United States District Court, N.D. California
ORDER GRANTING PLAINTIFF'S MOTION TO SEAL
SUSAN ILLSTON, District Judge.
On June 11, 2014, defendant Ariosa Diagnostics, Inc. ("Ariosa") filed a first amended answer and counterclaims. Docket No. 26-3. On June 23, 2014, the Court granted Ariosa's motion to seal portions of the first amended answer and counterclaims, specifically paragraph 19, lines 19-22, lines 24-27; paragraph 20; paragraph 21, lines 12-16; paragraph 25, lines 19-22; paragraph 26; paragraph 27, lines 10-12; paragraph 35, lines 8-9; paragraph 49, lines 14-17; and paragraph 53, lines 24-25. Docket No. 39. By the present motion, plaintiff Illumina, Inc. ("Illumina") moves to seal the remainder of paragraph 25 of the first amended answer and counterclaims. Docket No. 30. In the motion, Illumina explains that it did not previously seek to seal paragraph 25 in its entirety due to an administrative error. Id.
With the exception of a narrow range of documents that are "traditionally kept secret, " courts begin their sealing analysis with "a strong presumption in favor of access." Foltz v. State Farm Mut. Auto. Ins., 331 F.3d 1122, 1135 (9th Cir. 2003). When applying to file documents under seal in connection with a dispositive motion, the submitting party bears the burden of "articulating compelling reasons supported by specific factual findings that outweigh the general history of access and the public policies favoring disclosure, such as the public interest in understanding the judicial process." Kamakana v. City and County of Honolulu, 447 F.3d 1172, 1178-79 (9th Cir. 2006) (internal quotations and citations omitted). However, when a party seeks to seal documents attached to a non-dispositive motion, a showing of "good cause" under Federal Rule of Civil Procedure 26(c) is sufficient. Id. at 1179-80; see also Fed.R.Civ.P. 26(c). In addition, all requests to file under seal must be "narrowly tailored, " such that only sealable information is sought to be redacted from public access. N.D. Cal. Civil Local Rule 79-5(b).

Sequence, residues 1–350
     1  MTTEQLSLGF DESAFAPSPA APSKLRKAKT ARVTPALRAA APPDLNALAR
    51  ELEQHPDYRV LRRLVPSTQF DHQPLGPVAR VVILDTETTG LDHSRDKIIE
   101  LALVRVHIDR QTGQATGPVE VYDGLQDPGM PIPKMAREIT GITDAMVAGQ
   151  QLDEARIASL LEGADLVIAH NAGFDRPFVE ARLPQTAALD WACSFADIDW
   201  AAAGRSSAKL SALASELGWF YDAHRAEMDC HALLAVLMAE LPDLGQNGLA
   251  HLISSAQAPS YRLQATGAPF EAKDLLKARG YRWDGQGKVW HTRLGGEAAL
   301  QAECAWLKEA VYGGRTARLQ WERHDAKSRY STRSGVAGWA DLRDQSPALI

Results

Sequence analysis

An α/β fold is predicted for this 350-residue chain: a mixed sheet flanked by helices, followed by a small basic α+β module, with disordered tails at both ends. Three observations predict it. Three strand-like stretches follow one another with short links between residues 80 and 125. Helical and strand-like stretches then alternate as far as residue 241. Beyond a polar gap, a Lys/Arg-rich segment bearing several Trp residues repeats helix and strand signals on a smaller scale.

"The Ninth Circuit has not explicitly stated the standard-good cause or compelling reasons-that applies to the sealing of a complaint, but this Court and other courts have held that the compelling reasons standard applies because a complaint is the foundation of a lawsuit." In re Google Inc. Gmail Litig., No. 13-MD-02430-LHK, 2013 U.S. Dist. LEXIS 138910, at *10-11 (N.D. Cal. Sept. 25, 2013) (collecting cases). Therefore, Illumina bears the burden of "articulating compelling reasons supported by specific factual findings that outweigh the general history of access and the public policies favoring disclosure, such as the public interest in understanding the judicial process." Kamakana, 447 F.3d at 1178-79.
In a supporting declaration, Illumina explains that paragraph 25 of the first amended answer and counterclaims relates to an agreement between Ariosa and Illumina and includes specifics regarding the terms of the agreement. Docket No. 30-1, Walter Decl. ¶ 1. The agreement contains a confidentiality provision stating that the agreement, including its terms and conditions, is confidential. Docket No. 26-1, Gindler Decl. ¶ 3. Illumina explains that paragraph 25 of the first amended answer and counterclaims discloses confidential information regarding intellectual property and Ariosa's obligations with regard to the intellectual property under the Supply Agreement. Docket No. 30-1, Walter Decl. ¶ 2. Illumina argues that public disclosure of this information could cause it competitive harm because it could be misused by potential customers and/or competitors in negotiations with Illumina or other suppliers. Id. After reviewing the declaration and paragraph 25, the Court concludes that Illumina has sufficiently articulated compelling reasons for sealing the requested paragraph.
In addition, Illumina's request to seal is narrowly tailored because it seeks to redact only the sealable information from the pleading, and Illumina has attached a properly redacted version of the first amended answer and counterclaims to its motion to seal. ...